I opened my back door one day last week and found a “Dog Day Cicada” on the step. My first thought was that it was announcing six weeks until the first frost- but this guy wasn’t “tooting” its horn – yet.

It set me to thinking that these are the “lazy, hazy days of summer,” the mid-way point – school begins next month, which sets in motion all the activities that go with it. But I like to ponder the days of my youth when those leisure days meant taking a break from the farm chores to read a book from the library- borrowed under the watchful eye of

Librarian Gertrude Mack. I loved reading it while stretched across my bed in front of the window in my upstairs bedroom with the cooling breeze floating over me. Other reading choices included the latest “Modern Screen,” or “Superman” comic book – I loved variety.

Leisure time Sunday afternoons included playing croquet with my great uncle my father and sisters with the wicks set up in the barnyard. Then we made ice cream in a hand stirred freezer – hmmm-good.

The taste of that ice cream on those beaters could never be matched. In the evening my sisters and I would catch fireflies and keep them in a glass jar- watching them light up the jar – eventually freeing them – we would play games- such as Grey Woolie – after the sun set. What fun.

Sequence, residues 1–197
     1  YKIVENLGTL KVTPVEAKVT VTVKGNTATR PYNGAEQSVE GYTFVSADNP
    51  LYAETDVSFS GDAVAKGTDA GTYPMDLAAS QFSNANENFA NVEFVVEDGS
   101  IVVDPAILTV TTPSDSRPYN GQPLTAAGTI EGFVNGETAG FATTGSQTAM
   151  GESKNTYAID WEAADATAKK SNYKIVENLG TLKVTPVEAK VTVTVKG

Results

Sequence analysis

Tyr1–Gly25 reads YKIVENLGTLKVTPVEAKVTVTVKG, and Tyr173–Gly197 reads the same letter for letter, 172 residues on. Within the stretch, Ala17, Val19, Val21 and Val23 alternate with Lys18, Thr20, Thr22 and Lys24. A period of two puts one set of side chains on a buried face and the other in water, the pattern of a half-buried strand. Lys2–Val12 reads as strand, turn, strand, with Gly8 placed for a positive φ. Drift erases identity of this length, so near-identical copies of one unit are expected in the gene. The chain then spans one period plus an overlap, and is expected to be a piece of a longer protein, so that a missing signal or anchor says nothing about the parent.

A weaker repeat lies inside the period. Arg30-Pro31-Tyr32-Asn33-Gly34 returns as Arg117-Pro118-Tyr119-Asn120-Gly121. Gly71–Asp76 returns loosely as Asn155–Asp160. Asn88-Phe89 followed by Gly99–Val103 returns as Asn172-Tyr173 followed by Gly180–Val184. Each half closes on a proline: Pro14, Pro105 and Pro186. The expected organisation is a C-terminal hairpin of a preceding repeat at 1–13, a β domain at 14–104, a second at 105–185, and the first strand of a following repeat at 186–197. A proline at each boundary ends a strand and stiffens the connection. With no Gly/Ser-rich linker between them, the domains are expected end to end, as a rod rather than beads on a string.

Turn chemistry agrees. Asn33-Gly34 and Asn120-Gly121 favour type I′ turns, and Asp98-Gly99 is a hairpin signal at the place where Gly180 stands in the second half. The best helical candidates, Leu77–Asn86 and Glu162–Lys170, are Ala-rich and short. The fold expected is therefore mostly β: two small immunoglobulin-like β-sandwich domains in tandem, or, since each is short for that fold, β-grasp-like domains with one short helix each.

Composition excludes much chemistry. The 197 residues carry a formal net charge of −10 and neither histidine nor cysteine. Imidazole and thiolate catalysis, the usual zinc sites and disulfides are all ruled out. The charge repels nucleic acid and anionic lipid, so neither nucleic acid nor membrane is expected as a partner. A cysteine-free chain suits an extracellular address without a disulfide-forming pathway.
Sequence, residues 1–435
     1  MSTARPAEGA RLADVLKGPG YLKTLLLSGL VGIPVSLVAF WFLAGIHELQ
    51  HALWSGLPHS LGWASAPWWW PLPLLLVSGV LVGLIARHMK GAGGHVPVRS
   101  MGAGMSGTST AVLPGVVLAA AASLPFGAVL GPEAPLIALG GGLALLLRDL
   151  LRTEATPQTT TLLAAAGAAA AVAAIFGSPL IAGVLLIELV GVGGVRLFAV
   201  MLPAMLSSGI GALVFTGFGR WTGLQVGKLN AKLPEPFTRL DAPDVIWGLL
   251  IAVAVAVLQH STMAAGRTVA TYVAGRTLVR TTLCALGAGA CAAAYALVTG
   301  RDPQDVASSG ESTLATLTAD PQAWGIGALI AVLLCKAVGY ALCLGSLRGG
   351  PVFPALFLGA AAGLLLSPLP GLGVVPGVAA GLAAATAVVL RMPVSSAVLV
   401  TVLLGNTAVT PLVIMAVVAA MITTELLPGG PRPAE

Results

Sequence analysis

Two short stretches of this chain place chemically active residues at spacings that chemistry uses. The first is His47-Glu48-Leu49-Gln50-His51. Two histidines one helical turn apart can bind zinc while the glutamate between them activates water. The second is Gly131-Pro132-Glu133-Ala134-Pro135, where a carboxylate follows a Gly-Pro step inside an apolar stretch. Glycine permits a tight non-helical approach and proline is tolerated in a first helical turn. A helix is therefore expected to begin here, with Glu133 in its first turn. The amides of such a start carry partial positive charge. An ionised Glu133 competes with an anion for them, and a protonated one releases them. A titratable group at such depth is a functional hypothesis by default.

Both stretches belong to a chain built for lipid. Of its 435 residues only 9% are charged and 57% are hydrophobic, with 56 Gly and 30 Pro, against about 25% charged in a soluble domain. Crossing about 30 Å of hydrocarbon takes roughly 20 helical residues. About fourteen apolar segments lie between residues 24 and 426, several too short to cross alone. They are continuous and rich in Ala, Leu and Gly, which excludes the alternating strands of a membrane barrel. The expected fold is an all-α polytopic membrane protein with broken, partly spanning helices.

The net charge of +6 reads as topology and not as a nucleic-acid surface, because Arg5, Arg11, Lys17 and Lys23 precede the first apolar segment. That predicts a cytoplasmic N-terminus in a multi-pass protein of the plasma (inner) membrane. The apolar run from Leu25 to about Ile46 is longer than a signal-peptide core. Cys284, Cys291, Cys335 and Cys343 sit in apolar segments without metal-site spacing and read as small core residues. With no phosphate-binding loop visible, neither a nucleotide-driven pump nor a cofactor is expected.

During the week days when it was threshing time- and as I noted earlier I was fortunate to experience those days for just a few years before contracted combining became the thing. We each had our assigned task as we did when hay was cut and placed in the hay mow. These tasks were completed during the hottest summer days.

Looking at old photos of my female ancestors, great grandmother and neighbors – garbed in long dresses and realizing they were cooking for threshers in hot kitchens – no fans, AC, I still marvel at how they did that.

Fast forward, “lazy, hazy days of summer” while raising my family meant taking the boys to the State Park to fish, or swim at Lake Erie or Pleasant Hill Dam, picnics at different parks- or just Sunday afternoon walks around town.

Nostalgia washes over me- for those times in my life that now give me a sense of peace but some longing “for the good old days.” Just remember, those Cicadas will soon, if they haven’t already, announce the next season of our lives in 2016.

July of 1926

The Alum Creek School had petitioned to become part of the Peru Rural District. No action was taken by the country board of education whose president was R. F Mosher.

Popular song in July, 1926 “Am I Wasting my Time on You?”

July of 1966

John T. Sweeney was to open his office at 26 South Main Street, Mount Gilead, for the practice of general surgery.

Morrow County’s unemployment rate was 2.2 percent HPM gave five $500 scholarships: Vicki Ashbrook, David Frayer, Patricia Effland, Margo Lamson and Paul (Max) Heimlich

Popular song in July, 1966 was “Sunny” by Bobby Hebb

July of 1986

An earthquake had been felt in Morrow County. Its epicenter was near St. Marys .

Pictured was the interior of an ambulance-hearse designed b Walter E Long in 1941 for the Curl Funeral Home. A Hudson automobile provided the body for the vehicle.

Popular song in July, 1986 was “That’s What Friends Are For.”


By Evelyn Long

The Sentinel

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